NEON, the National Energy Ombudsmen Network, welcomes the Proposal for a Directive on representative actions for the protection of the collective interest of consumers. By allowing consumers to join up to defend their case collectively before a court, this proposal sets the framework for national legal landscapes allowing for an enhanced cooperation between public interest out-of-court settlement bodies –which are already dealing with cases of mass harm on a daily basis– and the judiciary.
As independent national and regional ombudsmen and mediators, our members defend consumer interests by rebalancing the relationship between energy consumers and other energy-market actors. As it stands today, the Commission proposal would thus allow them to be designated as “qualified entities” by Member States, allowing them to bring a case to court whenever the mediation process leads to a dead end. We welcome this move, but would like to point out that, for the proposal to be fully effective, the relationship between courts and public interest out-of-court settlement bodies needs to be further specified by 1) recognising the decisions or recommendations of public interest out-of-court settlement bodies as irrefutable evidence of an infringement and 2) recognising the role of national and regional ombudsmen and mediators as bodies qualified to help contending parties reach an agreement.
By being accountable to publicly elected representatives and by representing the public interest, our members lend the voice of consumers and companies equal weight when resolving disputes, thus ensuring their independence and providing a highly valued and rarely contested service. Their decisions are based on legal and technical know-how and high service standards in compliance with EU and national law. The decisions or recommendations taken by independent not-for-profit national and regional ombudsmen and ADR bodies should therefore be considered irrefutable evidence of an infringement harming collective interests of consumers.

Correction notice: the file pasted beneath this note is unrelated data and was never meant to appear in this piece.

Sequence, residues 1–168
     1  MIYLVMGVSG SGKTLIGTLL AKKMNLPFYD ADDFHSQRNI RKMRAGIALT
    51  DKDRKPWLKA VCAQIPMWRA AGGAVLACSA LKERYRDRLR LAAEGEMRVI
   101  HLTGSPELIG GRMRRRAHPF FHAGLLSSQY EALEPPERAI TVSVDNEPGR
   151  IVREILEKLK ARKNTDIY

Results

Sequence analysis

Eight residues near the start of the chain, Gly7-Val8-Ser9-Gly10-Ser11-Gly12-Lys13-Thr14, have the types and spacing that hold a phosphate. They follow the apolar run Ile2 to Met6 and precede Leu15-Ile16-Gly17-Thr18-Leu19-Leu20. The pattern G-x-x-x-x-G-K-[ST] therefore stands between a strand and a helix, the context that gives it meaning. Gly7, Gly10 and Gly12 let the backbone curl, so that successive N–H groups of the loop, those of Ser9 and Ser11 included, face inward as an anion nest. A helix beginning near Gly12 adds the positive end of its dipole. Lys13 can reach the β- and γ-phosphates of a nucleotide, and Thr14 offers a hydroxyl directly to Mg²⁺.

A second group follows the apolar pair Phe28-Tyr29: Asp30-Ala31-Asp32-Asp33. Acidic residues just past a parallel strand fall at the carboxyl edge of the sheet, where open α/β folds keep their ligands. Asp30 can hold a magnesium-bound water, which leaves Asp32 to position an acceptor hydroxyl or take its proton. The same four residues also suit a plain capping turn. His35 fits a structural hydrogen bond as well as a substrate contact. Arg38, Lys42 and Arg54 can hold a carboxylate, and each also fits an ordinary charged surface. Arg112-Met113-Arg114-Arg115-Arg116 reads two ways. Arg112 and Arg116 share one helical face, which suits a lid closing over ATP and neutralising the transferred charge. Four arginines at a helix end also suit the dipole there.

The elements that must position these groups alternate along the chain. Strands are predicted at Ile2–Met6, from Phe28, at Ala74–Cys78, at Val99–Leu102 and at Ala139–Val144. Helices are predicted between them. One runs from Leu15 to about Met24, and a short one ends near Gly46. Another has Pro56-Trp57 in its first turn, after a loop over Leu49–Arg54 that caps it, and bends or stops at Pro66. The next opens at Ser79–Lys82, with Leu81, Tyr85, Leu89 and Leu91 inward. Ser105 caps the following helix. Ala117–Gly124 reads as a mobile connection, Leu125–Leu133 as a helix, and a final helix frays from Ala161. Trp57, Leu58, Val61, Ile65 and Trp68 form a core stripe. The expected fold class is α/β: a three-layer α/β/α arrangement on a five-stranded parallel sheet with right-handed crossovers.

Regarding (out-of-court) settlement, our members have both the legal and technical expertise and the required independence to help contending parties reach an agreement. A reference to national and regional out-of-court settlement bodies would therefore lend additional legal certainty to the parties and avoid a case being heard twice by different entities providing Alternative Dispute Resolution (ADR) services.
Out-of-court mediation and alternative dispute resolution mechanisms have been recognised as efficient means of protecting and enforcing collective consumer rights and interests; however, in order to be fully effective, they need to be inserted in a coherent legal framework ensuring that national and regional ombudsmen and mediators, ADR bodies, regulators, public authorities, consumer organizations and the courts work together to achieve the same goals. In addition, independent national and regional mediation services and ombudsmen need to be empowered through capacity building activities and funding. By fostering the empowerment of independent national and regional mediation services and ombudsmen, the proposal presented today is thus a welcome milestone in creating a common European framework for the protection and enforcement of consumer rights.
While we also globally welcome the proposal on a Directive on better enforcement and modernisation of EU consumer protection rules, we regret its proposed modifications to the information requirements related to the complaint handling process of the trader and the contact information of the trader, which may potentially make it more difficult for consumers to complain. Finally, we fear that some modifications to the articles on the right of withdrawal from a contract will lead to unnecessary legal uncertainty and create potential conflicts related to their interpretation. This may be harmful both for consumers and for traders.